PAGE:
Water Drops on Burning Rocks Review
West Germany, the 1970s. Fifty-year-old businessman Leopold (Bernard Giraudeau) invites a young student, Franz (Malik Zidi) to his flat, and seduces him. Six months pass. Franz is now Leopold’s live-in lover, and Leopold has begun to show his true domineering details. Then there arrives Franz’s ex-girlfriend Anna (Ludivine Sagnier) and one of Leopold’s past male lovers, now a woman called Vera (Anna Thomson), to complicate matters.
Water Drops on Burning Rocks (Gouttes d’eau sur pierres brûlantes) is based on an unproduced play by Rainer Werner Fassbinder, written in 1964 when Fassbinder was nineteen. For fans of Fassbinder, the play is fascinating in its foreshadowing of themes from his later films. The power struggle between young and old gay lovers looks forward to Fox and His Friends and, in a lesbian version, The Bitter Tears of Petra Von Kant. The character list – two bisexual men, a male-to-female transsexual and a straight woman – sounds like the set-up of a more serious-minded Almódovar film, which underlines the latter’s debt to Fassbinder and through him to the Hollywood melodramas of Douglas Sirk.
Ozon’s film is defiantly theatrical. There’s only one set, Leopold’s apartment, and a cast of four, with the two women only appearing halfway through. The film has captions dividing it into four acts. It’s a tribute to Ozon’s direction that the film holds the interest as well as it does. Giraudeau and Zidi have the most demanding roles and turn in excellent performances. There’s a scene early on where Leopold asks Franz if he looks physically younger than fifty: just watch his expression shift from insecurity to vanity to lust in a few seconds. Anna Thomson plays Vera with just the right edge of theatricality: you sense that she’s someone acting the role of a woman rather than simply being one. She has some touching moments towards the end of the film as she relates how she had the sex change in a vain attempt to keep the fickle Leopold’s interest. Given the character list above and Fassbinder’s sensibilities, it’s perhaps not surprising that the straight woman comes off worst, a combination of an underwritten character and Ludivine Sagnier’s at times gauche performance. (She spends virtually all her screen time either nude or in blue underwear.)
Although the dialogue is in French, there are some German-language songs played on the soundtrack, notably Françoise Hardy’s “Träume”, which are not subtitled. This was due to a misunderstanding between the sales company and Artificial Eye, as Ozon had requested that these not be subtitled for the film’s premiere at the Berlin Film Festival. So, unfortunately, the lines from Heinrich Heine’s poem “Lorelei” which Franz recites are not rendered into English. So for those, like me, whose German is not up to the task, here is Felix Pollack’s translation (courtesy of Artificial Eye’s magazine enthusiasm, issue 3):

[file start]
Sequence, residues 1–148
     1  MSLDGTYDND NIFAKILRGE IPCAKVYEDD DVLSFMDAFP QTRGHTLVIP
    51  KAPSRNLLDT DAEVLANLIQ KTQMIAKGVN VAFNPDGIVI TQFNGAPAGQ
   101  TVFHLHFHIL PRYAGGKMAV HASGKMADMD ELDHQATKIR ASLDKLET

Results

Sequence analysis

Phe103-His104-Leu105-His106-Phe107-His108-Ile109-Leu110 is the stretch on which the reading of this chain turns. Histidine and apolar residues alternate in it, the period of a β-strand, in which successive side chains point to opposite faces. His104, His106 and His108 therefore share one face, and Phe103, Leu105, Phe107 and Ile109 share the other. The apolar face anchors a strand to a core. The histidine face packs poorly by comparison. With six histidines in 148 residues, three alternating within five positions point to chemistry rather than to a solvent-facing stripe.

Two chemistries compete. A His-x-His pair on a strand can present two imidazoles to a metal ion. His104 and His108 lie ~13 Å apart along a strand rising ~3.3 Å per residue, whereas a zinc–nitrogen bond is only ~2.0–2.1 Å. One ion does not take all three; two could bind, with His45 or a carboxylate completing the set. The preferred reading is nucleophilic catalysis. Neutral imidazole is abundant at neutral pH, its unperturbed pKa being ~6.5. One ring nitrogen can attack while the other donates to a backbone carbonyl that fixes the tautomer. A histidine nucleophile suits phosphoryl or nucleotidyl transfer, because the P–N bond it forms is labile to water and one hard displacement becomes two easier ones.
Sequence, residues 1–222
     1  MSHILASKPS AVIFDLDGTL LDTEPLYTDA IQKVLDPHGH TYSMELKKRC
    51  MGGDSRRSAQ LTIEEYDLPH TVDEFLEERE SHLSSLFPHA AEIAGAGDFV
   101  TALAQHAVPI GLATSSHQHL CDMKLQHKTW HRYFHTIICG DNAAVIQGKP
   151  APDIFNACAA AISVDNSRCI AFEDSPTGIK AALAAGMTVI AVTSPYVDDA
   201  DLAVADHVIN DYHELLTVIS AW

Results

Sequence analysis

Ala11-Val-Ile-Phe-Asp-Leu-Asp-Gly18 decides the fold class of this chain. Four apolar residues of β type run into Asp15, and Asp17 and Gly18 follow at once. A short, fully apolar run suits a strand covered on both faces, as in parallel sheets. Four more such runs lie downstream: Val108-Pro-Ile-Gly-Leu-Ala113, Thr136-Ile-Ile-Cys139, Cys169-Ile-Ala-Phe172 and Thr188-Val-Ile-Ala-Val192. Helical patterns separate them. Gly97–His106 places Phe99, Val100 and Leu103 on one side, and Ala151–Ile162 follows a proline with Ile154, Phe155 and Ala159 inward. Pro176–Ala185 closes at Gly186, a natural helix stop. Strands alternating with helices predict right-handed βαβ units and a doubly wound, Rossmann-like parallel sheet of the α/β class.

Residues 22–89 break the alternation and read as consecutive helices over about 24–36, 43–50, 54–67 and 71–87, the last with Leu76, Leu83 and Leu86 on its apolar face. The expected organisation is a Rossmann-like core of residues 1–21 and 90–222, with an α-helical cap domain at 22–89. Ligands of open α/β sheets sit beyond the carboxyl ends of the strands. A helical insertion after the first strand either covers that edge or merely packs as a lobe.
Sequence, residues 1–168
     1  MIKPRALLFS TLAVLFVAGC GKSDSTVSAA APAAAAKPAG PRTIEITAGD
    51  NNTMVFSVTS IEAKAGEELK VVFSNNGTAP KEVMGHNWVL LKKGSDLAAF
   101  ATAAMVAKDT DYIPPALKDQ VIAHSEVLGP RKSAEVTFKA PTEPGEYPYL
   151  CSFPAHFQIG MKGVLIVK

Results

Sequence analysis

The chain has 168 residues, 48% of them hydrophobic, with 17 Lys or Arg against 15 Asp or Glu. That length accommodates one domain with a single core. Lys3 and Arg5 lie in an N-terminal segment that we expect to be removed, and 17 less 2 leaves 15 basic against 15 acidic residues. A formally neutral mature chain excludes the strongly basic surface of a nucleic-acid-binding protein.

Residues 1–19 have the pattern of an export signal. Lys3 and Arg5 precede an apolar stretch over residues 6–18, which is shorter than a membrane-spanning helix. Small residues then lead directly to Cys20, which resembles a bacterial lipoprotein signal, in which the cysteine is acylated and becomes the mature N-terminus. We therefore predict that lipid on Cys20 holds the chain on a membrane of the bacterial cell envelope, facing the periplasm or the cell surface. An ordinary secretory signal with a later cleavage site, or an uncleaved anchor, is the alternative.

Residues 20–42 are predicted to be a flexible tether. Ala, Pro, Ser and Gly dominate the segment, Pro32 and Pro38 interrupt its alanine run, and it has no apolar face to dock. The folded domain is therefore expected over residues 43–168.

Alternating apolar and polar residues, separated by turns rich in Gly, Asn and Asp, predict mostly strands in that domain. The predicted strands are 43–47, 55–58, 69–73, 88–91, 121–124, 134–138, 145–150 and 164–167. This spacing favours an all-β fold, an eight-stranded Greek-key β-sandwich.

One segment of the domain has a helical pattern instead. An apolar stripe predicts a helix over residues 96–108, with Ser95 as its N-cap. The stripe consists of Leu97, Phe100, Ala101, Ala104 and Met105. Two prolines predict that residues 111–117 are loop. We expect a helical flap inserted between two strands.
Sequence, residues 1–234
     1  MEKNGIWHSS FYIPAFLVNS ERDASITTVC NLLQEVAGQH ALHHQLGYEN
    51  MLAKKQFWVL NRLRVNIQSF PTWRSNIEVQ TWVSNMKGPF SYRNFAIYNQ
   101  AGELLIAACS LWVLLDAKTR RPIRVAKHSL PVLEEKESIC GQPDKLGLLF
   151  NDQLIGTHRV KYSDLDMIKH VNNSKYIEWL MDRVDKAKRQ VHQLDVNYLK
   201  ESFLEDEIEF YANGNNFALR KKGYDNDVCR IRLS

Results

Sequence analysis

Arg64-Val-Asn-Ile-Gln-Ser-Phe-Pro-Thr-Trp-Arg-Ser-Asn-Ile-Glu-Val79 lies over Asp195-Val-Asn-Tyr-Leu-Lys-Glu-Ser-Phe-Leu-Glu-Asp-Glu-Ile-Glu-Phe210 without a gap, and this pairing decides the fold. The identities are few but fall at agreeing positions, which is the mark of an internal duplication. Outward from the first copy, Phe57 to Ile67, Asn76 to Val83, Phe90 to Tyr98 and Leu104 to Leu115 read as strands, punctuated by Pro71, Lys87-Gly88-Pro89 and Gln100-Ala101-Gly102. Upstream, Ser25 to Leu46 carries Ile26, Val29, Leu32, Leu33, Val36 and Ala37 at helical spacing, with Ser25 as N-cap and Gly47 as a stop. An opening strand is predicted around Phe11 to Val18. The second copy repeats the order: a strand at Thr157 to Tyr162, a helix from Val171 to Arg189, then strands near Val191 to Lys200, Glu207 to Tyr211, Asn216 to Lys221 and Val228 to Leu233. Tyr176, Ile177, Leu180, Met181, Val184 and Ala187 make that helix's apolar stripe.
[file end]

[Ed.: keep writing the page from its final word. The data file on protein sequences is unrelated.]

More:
I don’t know the reason why
I should be feeling so sad;
A tale of times gone by
Keeps running through my head.
The air is cool, day is sinking
And quiet flows the Rhine;
The mountain peak is glinting
In the evening’s parting shine.
Artificial Eye’s DVD has an anamorphic transfer in the ratio of 16:9. This seems to be correctly framed, so presumably the film was shown in 1.75:1 in cinemas. As you might expect from this distributor, the transfer is pretty much flawless. Water Drops…is not the most colourful of films (it’s only due to the production design and costumes that we know it’s set in the 1970s), but those colours are accurately rendered. The sound is Dolby Digital 2.0 with no surround, as is usual for an Artificial Eye disc. For this film that hardly matters, as it’s very much dialogue-led, and I have no complaints about the clarity of the dialogue. Only rainfall in one scene and some music give much in the way of left-right separation. I will note for the record that the film had Dolby Digital and DTS mixes for cinema release.
The main and extras menus use clips from the film, but unfortunately suffer from some noticeable pixelation. The extras comprise a very short (1:05) trailer in non-anamorphic 1.66:1, rolling-text filmographies for both Ozon and Fassbinder and Ozon’s production notes (which go forward automatically, though you can navigate back and forth if you wish). There are seventeen chapter stops.
For admirers of Fassbinder and also the up-and-coming Ozon, this film will be essential viewing, and Artificial Eye’s DVD pretty much covers all the expected bases.